Movie Review: Haunted Mansion
Twenty years ago, Eddie Murphy tried to thread the needle on a funny-but-scary Haunted Mansion movie.
Now, Disney has tried again with a second take on the beloved Disney attraction. Once again, the spirit is willing, but the flesh is weak.
Here’s a lukewarm review of Haunted Mansion, a movie that only Disney diehards will consider a classic.
About Haunted Mansion
By now, most Disney fans know the story regarding the creation of the Haunted Mansion at Disneyland.
Imagineers spent 15 years arguing back and forth about the attraction’s tone. Should it veer toward funny or scary?
Ultimately, Disney perfectly split the difference, which explains why a Doom Buggy ride on Haunted Mansion has evolved into a rite of passage.
The New Orleans Square attraction offers someone for everyone. It’s a swinging wake!
In 2003, that same psychological struggle torpedoed Eddie Murphy’s take on Haunted Mansion.
As a friend who produced the film once told me, nobody at Disney could quite settle on the proper tone. So, it failed to find the ideal balance.
In 2023, directorial wunderkind Justin Simien of Bad Hair and Dear White People has taken a big swing.
In a way, Simien appears perfect for the gig in that Bad Hair was a horror film, while Dear White People is a satirical comedy-drama.
When you mash those two ideas together, you should get something ideal for a Haunted Mansion movie.
Disney fans are all-too-familiar with this balance, as it was the same struggle we witnessed in some Pirates of the Caribbean sequels.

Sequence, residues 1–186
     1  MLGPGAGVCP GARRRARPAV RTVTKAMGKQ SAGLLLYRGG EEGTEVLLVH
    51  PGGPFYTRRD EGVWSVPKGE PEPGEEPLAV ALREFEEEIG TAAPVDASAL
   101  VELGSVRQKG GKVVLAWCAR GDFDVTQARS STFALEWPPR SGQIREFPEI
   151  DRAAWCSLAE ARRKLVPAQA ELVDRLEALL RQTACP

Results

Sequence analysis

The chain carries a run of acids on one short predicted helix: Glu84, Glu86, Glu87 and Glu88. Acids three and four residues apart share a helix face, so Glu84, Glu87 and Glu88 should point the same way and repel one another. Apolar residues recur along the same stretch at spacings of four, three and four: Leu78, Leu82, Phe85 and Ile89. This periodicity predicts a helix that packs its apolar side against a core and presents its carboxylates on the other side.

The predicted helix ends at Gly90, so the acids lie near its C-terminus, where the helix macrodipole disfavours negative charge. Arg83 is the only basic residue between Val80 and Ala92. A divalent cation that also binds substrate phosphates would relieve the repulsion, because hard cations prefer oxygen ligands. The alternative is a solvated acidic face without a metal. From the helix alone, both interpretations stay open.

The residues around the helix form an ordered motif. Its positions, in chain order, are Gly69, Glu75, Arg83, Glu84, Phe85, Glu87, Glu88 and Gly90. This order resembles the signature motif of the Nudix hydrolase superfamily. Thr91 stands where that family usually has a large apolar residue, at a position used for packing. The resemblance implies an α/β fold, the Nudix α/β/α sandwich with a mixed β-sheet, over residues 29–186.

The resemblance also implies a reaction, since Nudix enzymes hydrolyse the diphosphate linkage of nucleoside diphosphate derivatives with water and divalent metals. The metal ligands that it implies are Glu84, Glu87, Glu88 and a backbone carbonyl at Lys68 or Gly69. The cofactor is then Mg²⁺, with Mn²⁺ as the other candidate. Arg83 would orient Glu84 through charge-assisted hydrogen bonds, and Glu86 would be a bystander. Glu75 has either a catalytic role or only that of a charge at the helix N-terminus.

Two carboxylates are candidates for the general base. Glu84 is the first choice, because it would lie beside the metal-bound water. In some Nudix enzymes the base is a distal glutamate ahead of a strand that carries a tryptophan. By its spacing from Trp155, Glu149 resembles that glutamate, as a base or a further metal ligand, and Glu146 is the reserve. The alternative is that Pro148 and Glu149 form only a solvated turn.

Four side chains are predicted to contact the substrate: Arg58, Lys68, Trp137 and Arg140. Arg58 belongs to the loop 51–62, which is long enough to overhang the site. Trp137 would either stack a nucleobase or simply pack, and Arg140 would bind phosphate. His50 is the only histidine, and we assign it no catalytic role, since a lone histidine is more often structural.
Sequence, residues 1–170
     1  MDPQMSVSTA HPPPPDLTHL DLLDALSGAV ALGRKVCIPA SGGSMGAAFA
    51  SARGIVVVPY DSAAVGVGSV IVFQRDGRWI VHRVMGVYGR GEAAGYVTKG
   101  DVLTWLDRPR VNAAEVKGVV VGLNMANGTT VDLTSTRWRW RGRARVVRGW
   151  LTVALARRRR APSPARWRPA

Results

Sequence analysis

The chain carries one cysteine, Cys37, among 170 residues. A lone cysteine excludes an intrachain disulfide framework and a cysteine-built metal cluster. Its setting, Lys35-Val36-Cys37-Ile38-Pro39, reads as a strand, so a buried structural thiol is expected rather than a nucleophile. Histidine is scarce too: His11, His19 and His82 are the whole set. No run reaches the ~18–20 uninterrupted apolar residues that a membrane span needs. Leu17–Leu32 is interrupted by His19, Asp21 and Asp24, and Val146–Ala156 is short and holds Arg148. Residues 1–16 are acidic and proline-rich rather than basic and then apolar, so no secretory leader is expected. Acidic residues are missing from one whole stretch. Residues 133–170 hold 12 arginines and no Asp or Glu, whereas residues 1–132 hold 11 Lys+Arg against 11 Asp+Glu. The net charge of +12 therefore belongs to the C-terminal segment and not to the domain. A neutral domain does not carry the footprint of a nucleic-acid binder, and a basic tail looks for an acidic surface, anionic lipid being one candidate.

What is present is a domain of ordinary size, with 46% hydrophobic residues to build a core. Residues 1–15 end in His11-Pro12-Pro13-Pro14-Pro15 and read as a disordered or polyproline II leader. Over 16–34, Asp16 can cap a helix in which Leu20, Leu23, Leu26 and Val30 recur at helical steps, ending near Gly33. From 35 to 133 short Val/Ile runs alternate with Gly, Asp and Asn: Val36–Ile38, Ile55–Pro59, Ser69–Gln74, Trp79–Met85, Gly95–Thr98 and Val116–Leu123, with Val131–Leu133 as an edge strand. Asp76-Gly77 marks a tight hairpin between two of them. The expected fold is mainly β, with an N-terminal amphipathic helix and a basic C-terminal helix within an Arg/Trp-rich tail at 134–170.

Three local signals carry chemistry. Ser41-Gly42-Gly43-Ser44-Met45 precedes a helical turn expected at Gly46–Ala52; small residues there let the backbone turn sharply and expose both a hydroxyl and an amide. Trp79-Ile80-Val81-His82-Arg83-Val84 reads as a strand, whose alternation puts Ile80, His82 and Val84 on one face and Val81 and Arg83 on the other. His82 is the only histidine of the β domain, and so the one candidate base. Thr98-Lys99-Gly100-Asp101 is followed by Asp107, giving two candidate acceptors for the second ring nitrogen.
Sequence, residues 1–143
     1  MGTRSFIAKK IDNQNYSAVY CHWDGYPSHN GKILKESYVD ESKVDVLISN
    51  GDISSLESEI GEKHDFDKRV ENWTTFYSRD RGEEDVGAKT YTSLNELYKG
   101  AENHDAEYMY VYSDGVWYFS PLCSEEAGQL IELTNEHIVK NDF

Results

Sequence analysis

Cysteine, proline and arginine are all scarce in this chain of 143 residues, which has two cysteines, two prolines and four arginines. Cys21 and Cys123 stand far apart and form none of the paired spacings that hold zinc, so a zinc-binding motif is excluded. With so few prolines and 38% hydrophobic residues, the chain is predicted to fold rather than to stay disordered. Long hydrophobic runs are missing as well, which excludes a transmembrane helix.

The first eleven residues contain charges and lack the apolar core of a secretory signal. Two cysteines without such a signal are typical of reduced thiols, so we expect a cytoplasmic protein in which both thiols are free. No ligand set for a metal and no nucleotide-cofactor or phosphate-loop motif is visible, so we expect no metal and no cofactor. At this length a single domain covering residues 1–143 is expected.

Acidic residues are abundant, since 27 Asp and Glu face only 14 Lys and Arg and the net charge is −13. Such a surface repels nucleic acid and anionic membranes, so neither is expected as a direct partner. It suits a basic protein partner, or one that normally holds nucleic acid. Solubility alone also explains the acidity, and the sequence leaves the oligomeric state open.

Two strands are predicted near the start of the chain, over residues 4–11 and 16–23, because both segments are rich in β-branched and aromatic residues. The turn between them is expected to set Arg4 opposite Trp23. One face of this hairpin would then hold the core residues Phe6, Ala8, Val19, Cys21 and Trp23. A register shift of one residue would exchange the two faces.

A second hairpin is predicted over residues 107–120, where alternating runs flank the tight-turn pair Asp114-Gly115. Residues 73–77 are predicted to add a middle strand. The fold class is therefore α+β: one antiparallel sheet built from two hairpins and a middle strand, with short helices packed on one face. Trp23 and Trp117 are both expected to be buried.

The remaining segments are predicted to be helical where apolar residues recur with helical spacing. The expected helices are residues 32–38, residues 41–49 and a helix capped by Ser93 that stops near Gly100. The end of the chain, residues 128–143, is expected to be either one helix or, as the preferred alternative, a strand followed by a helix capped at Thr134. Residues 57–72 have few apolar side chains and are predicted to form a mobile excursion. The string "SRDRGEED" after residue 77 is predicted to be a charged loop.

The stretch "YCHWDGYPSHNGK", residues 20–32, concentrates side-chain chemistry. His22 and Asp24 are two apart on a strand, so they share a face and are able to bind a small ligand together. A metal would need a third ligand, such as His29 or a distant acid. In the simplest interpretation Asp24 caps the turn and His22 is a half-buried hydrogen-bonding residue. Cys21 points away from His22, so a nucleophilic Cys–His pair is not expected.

Building an entire film around ideas from a theme park attraction isn’t easy. If it were, Disney wouldn’t be batting 1 for 3 with its attempts.
Remember the time Disney made a movie based on Country Bear Jamboree? No? I rest my case.
Deciding what to take from an attraction and what to ignore requires a unique level of intuition and storytelling feel.
I fully believe that Simien possesses these traits, but it doesn’t quite translate in Haunted Mansion. You can’t blame the cast, though…
The Haunted Mansion Players
Here’s the best news I can give you about the film. Disney legitimately couldn’t have cast anyone better in Haunted Mansion. Everyone delivers!
That statement starts at the top with LaKeith Stanfield, whom nature blessed with the superstar gene.
In fact, I can pinpoint the moment I fell in love with him permanently. It’s in this clip (warning: one f-bomb):
None of this dialogue would work in the hands of lesser talents.
Stanfield’s inflection, enunciation, and mannerisms elevate it into something unforgettable.
I’d seen the actor several times previously, but that scene was his defining moment for me.
That deft touch is on display throughout Haunted Mansion, as Stanfield portrays Ben Matthias, a certified super-genius dealing with loss.
I’m not joking when I say that Stanfield carries the same kind of swagger that Johnny Depp offered in the first two Pirates of the Caribbean movies.
I honestly wish Stanfield had been the beneficiary of a better script, as the actor delivers on everything the story asks of him.
Similarly, Owen Wilson and Danny DeVito excel as a clergyman and a New Orleans historian.
Both men happily embrace their roles as comic relief, and their decades of experience shine through in this regard.
As my date said, Haunted Mansion is exceptionally funny when it wants to be. It just doesn’t choose comedy often enough.
Rosario Dawson’s character, Gabbie, ostensibly ties the story together, but she’s arguably not even in it as much as the child actor playing her son.
Similarly, other beloved performers like Tiffany Haddish and Jamie Lee Curtis don’t appear until deeper in the film.
Everyone is great, but most of these roles are underwritten.